The Sunday Diary The shocking image of constable Pramila Padhi being viciously beaten by protestors in Bhubaneshwar set off a debate on the role of women in police. Will enrolment of more women reduce occupational risks and confer wider social benefits? The Centre wants to increase their numbers and has recommended that they should form a third of the force.

“With kinder eyes, we score over our Pakistani counterparts,” says the former Border Security Force Inspector General, K. Srinivasan. He was referring to an experiment conducted by the BSF in 2009 after the force met with an embarrassing situation — how does a man frisk women agricultural labourers who cross the borders of India every day to earn a living?

“So we had no other choice but to recruit women, and they were so enthusiastic about their duties that they requested to be trained for regular patrolling and night ambush,” he says.

Today, the same group of women take part in the closing ceremony at the Wagah Border, “lifting their knees right up to their elbows and are not intimidated by the hawkish eyes of the Pakistani soldiers.”

The “kinder eyes” — a phenomenon intrinsically related to values such as “sensitivity, understanding and tolerance”” is what the Acting Chief Justice of the Kerala High Court, Manjula Chellur, was referring to when she addressed the Fifth National Conference of Women in Police held at Thrissur in July. Women in police could bring about a definite change in the system, she said, addressing hundreds of policewomen of different ranks.

Of the recommendations made at the conference, the setting up of a desk to handle complaints filed by women and children and posting of at least four women in each police station in the country were concordant with a detailed advisory issued by the Ministry of Home Affairs to all State governments/Union Territories in September 2009. It said: “…for safety and security of women and control of crime against them. One of the steps suggested in the advisory is increasing the overall representation of women in police forces at all levels through affirmative action so that they constitute about 33 per cent of the police.”

An interesting example is that of 39-year-old Abita Bachan, sub-inspector and station house officer at Havelock Island in the Andaman & Nicobar Islands. “Ever since I have been given independent charge, there have been an increased number of women who have come forward with their problems,” she says, “previously only men were in charge, and it was not conducive for the local women to approach them.”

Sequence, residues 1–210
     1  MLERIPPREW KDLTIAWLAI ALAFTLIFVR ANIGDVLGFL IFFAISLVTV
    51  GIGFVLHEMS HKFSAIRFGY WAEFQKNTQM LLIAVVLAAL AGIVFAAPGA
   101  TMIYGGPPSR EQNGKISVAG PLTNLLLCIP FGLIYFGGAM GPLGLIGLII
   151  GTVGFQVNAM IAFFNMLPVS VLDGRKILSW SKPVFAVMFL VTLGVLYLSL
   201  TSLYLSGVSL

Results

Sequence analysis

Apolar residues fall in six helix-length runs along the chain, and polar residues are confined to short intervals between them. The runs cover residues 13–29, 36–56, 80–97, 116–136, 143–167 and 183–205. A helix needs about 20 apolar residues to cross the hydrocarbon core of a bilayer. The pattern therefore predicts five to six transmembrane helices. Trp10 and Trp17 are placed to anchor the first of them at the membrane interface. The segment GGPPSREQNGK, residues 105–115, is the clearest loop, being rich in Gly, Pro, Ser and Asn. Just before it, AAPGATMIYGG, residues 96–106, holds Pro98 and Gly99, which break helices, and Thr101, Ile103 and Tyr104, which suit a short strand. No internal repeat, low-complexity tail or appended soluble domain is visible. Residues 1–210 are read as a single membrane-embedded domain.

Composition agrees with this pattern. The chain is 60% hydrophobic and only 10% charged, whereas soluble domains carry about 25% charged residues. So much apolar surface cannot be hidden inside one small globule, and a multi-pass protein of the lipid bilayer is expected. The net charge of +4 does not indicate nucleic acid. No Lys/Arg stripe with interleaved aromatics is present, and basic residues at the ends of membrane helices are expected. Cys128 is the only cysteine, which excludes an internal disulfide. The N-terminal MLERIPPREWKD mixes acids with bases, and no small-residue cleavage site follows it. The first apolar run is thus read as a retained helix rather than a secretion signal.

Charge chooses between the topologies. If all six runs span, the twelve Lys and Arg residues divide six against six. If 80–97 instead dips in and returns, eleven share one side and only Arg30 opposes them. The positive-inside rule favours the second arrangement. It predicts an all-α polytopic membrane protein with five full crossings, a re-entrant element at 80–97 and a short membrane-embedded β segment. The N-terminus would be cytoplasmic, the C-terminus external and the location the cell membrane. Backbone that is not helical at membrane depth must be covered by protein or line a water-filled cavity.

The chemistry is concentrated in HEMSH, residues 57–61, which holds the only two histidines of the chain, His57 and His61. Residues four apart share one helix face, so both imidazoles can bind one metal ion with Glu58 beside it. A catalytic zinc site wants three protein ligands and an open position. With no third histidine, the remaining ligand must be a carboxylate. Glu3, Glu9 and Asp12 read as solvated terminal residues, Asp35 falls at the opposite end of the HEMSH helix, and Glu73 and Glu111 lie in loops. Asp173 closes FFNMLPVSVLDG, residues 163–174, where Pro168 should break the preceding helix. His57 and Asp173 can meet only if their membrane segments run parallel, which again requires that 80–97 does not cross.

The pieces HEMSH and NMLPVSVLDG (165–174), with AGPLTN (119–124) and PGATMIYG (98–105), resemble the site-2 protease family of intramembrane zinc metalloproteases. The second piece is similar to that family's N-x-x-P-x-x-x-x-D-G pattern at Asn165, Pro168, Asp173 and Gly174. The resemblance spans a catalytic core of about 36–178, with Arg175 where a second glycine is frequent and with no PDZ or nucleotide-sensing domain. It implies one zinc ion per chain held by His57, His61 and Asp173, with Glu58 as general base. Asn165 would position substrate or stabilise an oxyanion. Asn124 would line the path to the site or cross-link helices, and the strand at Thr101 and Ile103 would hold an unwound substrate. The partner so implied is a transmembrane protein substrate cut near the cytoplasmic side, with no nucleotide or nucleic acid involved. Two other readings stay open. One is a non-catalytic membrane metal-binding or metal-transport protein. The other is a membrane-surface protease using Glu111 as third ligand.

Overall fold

Abita’s team has also been working at creating awareness of issues such as child marriage. “There was a need to find ways to handle the increasing number of cases of crime against women,” observes Arunachal Pradesh DGP Kanwaljeet Deol, instrumental in setting up the country’s first Crimes Against Women Cell in Delhi in the early 1980s.

Having access to a policewoman encourages victims to come forward with their complaints. “Gender sensitisation programme for both men and women was thus an important recommendation made at the Thrissur conference. We don’t just want women to look after problems related to women,” she says.

However, affirmative action may not be the best solution to increase the numbers of women entering the force, Ms. Deol says, quoting current statistics that show low numbers of policewomen in service — nine to 10 per cent in Tamil Nadu with other States barely touching the three-six per cent mark. “We need one-third to make a critical mass, and the best way to do this is to have an open recruitment process that makes all posts equally accessible for both men and women.”

The open recruitment process is a very good suggestion, agrees Anuradha Shankar, Inspector-General of Police, Indore Zone, adding men will have to start taking notice with more women in the force. “For a policewoman, it takes longer to gain recognition,” says this IPS officer who has been in the force for 22 years. “Even a small achievement gets lauded in the media as ‘look what a woman has done’ and suppose an investigation is taking longer, it is because we are women,” she says. “Men are given a chance to make mistakes but women are not!”

With responses to policewomen ranging between “overawed” and “how can she handle it?” senior women officers are now keen on formulating a National Policy on Women in Police. But recognition comes in strange ways, as shown by the documentary — The Women in Blue Berets — screened at the ‘Open Frame’ documentary film festival last week.

The film deals with an all-women police contingent of the Central Reserve Police Force deployed to restore peace and stability in Liberia as part of a United Nations peacekeeping mission. As one woman constable puts it: “When I am on duty, I don’t think about anything else. Nobody should look at us and think any less of us because we are women.”

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Role of women in policeSeptember 16, 2012

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